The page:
On the New York Mercantile Exchange, light, sweet crude futures for May delivery slipped 0.47% to USD96.73 per barrel in Asian trading Wednesday after settling down 0.21% at USD96.87 a barrel on Tuesday in the U.S.
On Tuesday, official data showed the euro zone’s unemployment rate was 12% in February, meaning 19 million people are out of work. The Markit Eurozone Manufacturing Purchasing Managers Index dropped to 46.8 last month, well below the 47.9 posted in February. Readings below 50 indicate contraction.
Later today, the U.S. Energy Information Administration will release weekly data on crude inventories and chatter among traders indicates they expect an increase. That would not be surprising as U.S. oil output is soaring, but demand remains sluggish.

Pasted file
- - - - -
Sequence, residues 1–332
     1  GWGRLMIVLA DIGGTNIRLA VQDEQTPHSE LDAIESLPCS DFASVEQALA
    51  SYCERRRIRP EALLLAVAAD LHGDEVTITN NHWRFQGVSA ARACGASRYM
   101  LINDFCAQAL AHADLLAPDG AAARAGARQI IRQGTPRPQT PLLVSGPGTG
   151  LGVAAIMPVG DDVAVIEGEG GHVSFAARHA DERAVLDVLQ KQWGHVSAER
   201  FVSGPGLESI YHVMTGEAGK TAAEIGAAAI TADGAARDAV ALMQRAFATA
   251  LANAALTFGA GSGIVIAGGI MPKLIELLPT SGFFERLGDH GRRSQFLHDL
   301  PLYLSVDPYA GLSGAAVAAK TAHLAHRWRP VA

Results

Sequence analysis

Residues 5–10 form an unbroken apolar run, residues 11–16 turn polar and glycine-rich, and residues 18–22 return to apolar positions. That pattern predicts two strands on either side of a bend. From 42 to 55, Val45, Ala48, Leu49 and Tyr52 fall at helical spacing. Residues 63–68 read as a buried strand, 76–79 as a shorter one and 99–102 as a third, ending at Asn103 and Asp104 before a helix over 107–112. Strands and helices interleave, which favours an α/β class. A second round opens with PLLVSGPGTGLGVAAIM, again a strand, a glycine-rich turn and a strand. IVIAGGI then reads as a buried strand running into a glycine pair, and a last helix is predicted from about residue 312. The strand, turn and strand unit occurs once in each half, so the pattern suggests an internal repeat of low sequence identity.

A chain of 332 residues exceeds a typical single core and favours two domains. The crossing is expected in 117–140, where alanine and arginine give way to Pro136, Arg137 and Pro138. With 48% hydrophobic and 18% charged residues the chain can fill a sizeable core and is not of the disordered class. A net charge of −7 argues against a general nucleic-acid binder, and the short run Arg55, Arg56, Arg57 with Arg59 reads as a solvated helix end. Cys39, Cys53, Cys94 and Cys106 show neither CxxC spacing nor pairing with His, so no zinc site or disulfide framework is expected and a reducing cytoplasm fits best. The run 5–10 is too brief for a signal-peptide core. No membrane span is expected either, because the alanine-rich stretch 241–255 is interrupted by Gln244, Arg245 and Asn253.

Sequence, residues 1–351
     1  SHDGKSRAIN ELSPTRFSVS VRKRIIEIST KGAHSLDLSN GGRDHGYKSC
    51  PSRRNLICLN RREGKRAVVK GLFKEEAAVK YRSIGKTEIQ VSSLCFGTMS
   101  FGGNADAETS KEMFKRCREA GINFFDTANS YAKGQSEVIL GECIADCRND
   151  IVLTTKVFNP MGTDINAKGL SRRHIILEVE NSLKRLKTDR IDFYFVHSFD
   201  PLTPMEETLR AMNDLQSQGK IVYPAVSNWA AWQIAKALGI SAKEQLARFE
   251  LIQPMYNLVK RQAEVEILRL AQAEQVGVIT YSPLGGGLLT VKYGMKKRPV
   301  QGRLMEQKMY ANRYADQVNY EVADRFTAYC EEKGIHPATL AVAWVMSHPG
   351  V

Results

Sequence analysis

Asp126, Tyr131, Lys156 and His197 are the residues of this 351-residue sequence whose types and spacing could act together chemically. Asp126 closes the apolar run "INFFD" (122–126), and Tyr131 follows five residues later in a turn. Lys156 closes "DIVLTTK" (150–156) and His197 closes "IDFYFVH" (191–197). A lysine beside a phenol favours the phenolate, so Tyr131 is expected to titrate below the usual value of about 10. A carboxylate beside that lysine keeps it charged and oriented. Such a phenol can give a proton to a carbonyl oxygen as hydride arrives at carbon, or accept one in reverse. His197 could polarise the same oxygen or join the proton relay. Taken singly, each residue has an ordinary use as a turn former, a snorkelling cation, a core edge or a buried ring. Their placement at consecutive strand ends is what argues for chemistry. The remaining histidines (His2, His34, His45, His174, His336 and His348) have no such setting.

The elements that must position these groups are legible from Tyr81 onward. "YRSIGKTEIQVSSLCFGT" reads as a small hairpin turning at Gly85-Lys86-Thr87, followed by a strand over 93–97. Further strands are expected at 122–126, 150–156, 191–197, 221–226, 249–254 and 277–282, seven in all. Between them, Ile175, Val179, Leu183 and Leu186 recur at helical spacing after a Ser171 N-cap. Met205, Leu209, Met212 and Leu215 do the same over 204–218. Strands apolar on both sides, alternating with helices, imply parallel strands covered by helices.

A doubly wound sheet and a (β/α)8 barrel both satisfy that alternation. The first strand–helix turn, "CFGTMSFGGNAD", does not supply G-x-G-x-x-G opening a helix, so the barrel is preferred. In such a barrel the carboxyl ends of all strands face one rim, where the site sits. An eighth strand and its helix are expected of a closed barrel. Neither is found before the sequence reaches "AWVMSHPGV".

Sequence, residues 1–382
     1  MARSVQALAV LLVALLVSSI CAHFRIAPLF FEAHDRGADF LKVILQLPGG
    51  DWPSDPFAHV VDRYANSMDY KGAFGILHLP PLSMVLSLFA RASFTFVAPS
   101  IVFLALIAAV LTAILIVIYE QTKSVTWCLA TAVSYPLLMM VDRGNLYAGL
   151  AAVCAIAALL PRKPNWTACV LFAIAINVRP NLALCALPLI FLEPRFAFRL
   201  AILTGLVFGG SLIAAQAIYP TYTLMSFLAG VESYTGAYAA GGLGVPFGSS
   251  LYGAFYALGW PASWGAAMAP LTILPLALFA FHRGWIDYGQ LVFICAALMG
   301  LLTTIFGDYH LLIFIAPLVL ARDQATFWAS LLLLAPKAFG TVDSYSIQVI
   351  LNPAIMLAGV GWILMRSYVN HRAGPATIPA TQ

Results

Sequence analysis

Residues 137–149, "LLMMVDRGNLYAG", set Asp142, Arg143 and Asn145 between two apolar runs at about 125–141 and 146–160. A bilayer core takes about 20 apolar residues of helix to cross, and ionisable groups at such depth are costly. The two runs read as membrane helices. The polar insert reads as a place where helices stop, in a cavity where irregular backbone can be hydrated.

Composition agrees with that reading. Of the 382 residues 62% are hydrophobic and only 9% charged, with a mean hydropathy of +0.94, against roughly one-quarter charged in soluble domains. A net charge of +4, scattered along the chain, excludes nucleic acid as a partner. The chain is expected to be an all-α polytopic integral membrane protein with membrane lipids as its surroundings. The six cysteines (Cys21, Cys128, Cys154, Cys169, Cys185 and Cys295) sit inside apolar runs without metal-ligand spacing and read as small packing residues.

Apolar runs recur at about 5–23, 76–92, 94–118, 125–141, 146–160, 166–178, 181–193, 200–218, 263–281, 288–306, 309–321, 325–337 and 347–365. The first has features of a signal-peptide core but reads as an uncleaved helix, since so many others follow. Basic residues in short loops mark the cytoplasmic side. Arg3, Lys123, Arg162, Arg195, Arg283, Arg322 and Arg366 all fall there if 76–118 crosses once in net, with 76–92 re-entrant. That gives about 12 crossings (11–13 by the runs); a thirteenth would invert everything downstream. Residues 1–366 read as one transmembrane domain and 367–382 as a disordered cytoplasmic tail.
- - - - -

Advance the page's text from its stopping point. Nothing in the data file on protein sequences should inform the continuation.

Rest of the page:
In U.S. economic news, the Commerce Department said orders for manufactured goods increased 3% in February. Economists expected a 2.9% increase. Orders from the civilian aircraft business helped drive the February number higher.
Elsewhere, Brazil’s National Petroleum Agency said output there fell 1.8% to an average of 2.017 million barrels per day in February from January’s figure. The February reading is also 8.5% below the number posted in February 2012.
Production declines at old fields and rising costs have hampered Brazil’s output in recent months. The country vies with OPEC member Venezuela for the title of largest oil producer in Latin America.
Meanwhile, Brent crude for May delivery fell 0.07% to USD110.28 per barrel on the ICE Futures Exchange.